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Prof. Rocchio: The Death of Blue Books is Near

The days of trying to read a student’s scratch handwriting are over, according to Vincent Rocchio, a professor in the communication department. Rocchio has spent the last eight months working to introduce a computer software to the University that could replace the all-too-familiar blue books that students currently use to take exams.

Rocchio introduced the software Oct. 14 to his Interpersonal Communications class. He noted that of the 72 students who took the first web-based exam, only two experienced technical glitches. The goal of implementing the new browser, according to Rocchio, is to cut down on environmental waste and reduce the cost of test-taking. Rocchio also notes that grading efficiency in the digital environment has increased by 50 percent since the implementation of the software.

The software integrates with students’ Canvas application. When opened, the Respondus LockDown Browser permits access only to the testing system and disallows other Internet usage. The restrictions allow students to complete their exams without compromising their integrity.

The browser also allows the professor to incorporate multimedia into tests.

Rocchio has been working in conjunction with Boston College’s Center for Teaching Excellence (CTE). Cristina Mirshekari, the director of teaching and learning technology at CTE, said that the group pursued a site license this past year, which allows any faculty to utilize the software. Under the license, the cost comes to about 31 cents per student, Mirshekari said.

According to the Respondus website, its Lockdown software is used on over 2,000 college campuses around the globe. While there are currently only three BC professors implementing this technology into their classrooms, Rocchio sees it spreading across the University in the coming years. His goal is to train critical and analytical students and believes this innovative browser will help in his work.

“The raw efficiency of this environment presents great potential,” Rocchio said. “I plan on using this for the rest of my teaching career at Boston College … I don’t think it’s going to be long before a lot of people are adopting this.”

The software currently runs only on Macintosh or Windows computers, which presents a challenge for students who own Chromebooks or other types of technology. Rocchio said that BC may be faced with confronting the question of a possible technology requirement for students in upcoming years.

“The raw efficiency of this environment presents great potential. I plan on using this for the rest of my teaching career at Boston College … I don’t think it’s going to be long before a lot of people are adopting this.”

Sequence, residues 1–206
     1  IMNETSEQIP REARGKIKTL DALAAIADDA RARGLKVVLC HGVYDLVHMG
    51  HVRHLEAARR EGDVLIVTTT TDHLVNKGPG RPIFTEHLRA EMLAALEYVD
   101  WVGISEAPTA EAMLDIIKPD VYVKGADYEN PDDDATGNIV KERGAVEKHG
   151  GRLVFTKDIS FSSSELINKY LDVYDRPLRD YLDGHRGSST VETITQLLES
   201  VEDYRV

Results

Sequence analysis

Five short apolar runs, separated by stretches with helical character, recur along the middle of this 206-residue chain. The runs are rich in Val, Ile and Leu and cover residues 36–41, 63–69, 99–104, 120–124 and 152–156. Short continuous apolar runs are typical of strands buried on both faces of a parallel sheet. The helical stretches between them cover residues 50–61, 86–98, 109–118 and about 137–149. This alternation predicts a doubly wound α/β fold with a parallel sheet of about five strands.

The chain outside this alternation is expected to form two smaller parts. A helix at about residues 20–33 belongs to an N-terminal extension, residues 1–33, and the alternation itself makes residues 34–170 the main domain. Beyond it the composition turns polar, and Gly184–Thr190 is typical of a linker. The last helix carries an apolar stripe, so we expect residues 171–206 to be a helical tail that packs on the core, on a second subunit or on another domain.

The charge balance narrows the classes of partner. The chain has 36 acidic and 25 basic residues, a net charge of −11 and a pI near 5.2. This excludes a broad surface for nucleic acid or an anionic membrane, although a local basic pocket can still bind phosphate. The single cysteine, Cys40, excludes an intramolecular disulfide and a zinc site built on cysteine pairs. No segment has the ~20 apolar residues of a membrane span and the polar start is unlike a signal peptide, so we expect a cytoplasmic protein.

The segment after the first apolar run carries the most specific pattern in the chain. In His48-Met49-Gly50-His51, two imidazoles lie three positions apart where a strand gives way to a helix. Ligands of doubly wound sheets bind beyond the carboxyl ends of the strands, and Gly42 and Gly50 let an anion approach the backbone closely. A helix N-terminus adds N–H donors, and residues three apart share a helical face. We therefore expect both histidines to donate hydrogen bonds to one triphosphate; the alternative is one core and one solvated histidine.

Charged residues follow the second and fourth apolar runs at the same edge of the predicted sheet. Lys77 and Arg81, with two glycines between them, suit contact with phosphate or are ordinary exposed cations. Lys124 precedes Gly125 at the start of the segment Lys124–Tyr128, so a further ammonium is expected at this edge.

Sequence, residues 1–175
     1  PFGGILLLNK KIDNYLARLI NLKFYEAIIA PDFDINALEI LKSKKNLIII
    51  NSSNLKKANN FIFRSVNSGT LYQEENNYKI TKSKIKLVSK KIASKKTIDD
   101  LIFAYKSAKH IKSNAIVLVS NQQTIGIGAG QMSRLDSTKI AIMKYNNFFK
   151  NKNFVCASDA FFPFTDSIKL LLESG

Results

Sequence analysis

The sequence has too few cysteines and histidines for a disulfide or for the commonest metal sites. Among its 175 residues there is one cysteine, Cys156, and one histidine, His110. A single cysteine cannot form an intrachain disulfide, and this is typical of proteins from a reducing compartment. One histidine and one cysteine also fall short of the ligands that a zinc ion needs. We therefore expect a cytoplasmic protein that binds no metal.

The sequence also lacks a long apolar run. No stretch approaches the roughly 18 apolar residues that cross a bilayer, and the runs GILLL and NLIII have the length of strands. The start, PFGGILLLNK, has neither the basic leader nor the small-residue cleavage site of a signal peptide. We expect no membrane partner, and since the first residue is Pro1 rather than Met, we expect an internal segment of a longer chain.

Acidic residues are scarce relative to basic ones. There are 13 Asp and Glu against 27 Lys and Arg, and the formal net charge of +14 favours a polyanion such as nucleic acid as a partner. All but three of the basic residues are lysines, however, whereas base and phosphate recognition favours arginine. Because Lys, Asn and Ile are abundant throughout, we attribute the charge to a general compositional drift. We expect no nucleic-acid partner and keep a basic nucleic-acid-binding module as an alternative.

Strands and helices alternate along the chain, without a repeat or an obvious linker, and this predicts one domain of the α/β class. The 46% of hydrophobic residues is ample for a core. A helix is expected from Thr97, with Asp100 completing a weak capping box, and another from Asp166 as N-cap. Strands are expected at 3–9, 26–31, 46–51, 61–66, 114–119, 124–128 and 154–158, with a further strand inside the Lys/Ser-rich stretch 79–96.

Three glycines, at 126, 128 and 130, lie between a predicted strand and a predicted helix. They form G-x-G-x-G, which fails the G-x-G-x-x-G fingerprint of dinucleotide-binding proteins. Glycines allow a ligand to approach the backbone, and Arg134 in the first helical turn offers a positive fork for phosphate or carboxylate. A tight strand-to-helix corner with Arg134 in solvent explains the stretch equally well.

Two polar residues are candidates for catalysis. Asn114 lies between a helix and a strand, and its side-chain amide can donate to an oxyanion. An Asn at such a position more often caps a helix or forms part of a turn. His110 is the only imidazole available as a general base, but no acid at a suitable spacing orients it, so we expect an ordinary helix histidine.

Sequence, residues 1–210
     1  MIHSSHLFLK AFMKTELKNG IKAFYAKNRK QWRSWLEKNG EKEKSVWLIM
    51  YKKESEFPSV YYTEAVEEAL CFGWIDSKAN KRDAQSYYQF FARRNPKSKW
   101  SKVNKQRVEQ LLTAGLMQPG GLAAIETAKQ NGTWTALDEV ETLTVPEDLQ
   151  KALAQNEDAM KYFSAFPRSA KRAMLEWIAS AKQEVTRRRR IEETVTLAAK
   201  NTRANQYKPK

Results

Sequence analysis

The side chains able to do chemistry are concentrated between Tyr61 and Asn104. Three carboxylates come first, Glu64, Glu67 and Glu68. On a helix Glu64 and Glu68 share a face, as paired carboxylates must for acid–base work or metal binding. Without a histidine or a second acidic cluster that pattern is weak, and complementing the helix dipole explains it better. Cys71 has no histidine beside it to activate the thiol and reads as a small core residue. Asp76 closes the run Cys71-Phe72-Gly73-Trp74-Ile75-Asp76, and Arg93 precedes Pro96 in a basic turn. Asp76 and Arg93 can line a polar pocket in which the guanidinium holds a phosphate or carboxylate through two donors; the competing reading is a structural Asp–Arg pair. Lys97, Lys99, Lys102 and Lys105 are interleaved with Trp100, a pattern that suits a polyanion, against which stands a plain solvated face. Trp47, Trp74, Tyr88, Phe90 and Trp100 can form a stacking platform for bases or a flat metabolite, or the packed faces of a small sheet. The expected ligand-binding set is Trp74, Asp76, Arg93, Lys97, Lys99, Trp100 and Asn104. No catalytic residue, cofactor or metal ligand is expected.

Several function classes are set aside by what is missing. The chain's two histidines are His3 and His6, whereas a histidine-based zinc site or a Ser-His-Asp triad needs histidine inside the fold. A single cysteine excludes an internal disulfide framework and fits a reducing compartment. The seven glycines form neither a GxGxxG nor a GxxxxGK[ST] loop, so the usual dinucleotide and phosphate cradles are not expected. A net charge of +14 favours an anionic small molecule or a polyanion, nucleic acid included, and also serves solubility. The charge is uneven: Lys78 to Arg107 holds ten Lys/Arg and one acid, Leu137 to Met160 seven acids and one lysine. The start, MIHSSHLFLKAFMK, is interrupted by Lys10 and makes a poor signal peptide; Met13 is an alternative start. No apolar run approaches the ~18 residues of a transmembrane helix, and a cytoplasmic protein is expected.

—Vincent Rocchio, a professor in the communication department

With a shift in technology comes a few concerns. Rocchio thinks the online browser encourages speed during testing, and he prefers that students use careful thought and evaluation before committing to a response. Student feedback has been overwhelmingly positive with some notes on areas for improvement. Caroline Heppner, a student in Rocchio’s class and LSOE ’17, did not like that she could not write down main ideas and points during the exam, as one could on scratch paper during a traditional exam.

Ryan Falla, MCAS ’18, had trouble with the online exam because he did not have a working computer. Falla, along with six other students who faced the same problem, were sent to a computer lab in O’Neill Library to take the exam, which was proctored by a faculty member. According to Falla, most students in the computer lab had difficulty accessing the browser from the computers. Although, Falla did not specifically mention the issues to Rocchio, he said that he has confidence that the program will work better in the future.

Rocchio began teaching at BC last fall, specializing in media studies. Rocchio found blue books to be an ineffective method for assessing a student’s knowledge of interpersonal communication, a study heavily focused on complex, nonverbal information.

At other universities, including the University of Houston, the Lockdown Browser is used for students who take online classes. When students take an exam for an online course, they are required to use the Lockdown software in order to cut down on academic dishonesty.

Rocchio believes that cheating is more difficult with the new software. He spent time during the pilot exam looking behind students to see if it was easy to see others’ computer screens, but found that the digital display of the laptop and the font size make it more difficult to see answers than writing in an exam booklet.

Rocchio said that he can see how the online format would be an issue for truth or false or multiple-choice exams. With short answer questions, however, he thinks that it would be difficult for students to read others’ answers.

“[This form of assessment] is much more attuned to the kind of working environment that students are going to be using when they get out into the professional world,” Rocchio said. “[It] really fits in with the mission-centered approach of giving students rigorous intellectual training that can serve a higher purpose.”

Featured Image by Yi Zhao / Heights Staff

October 20, 2016

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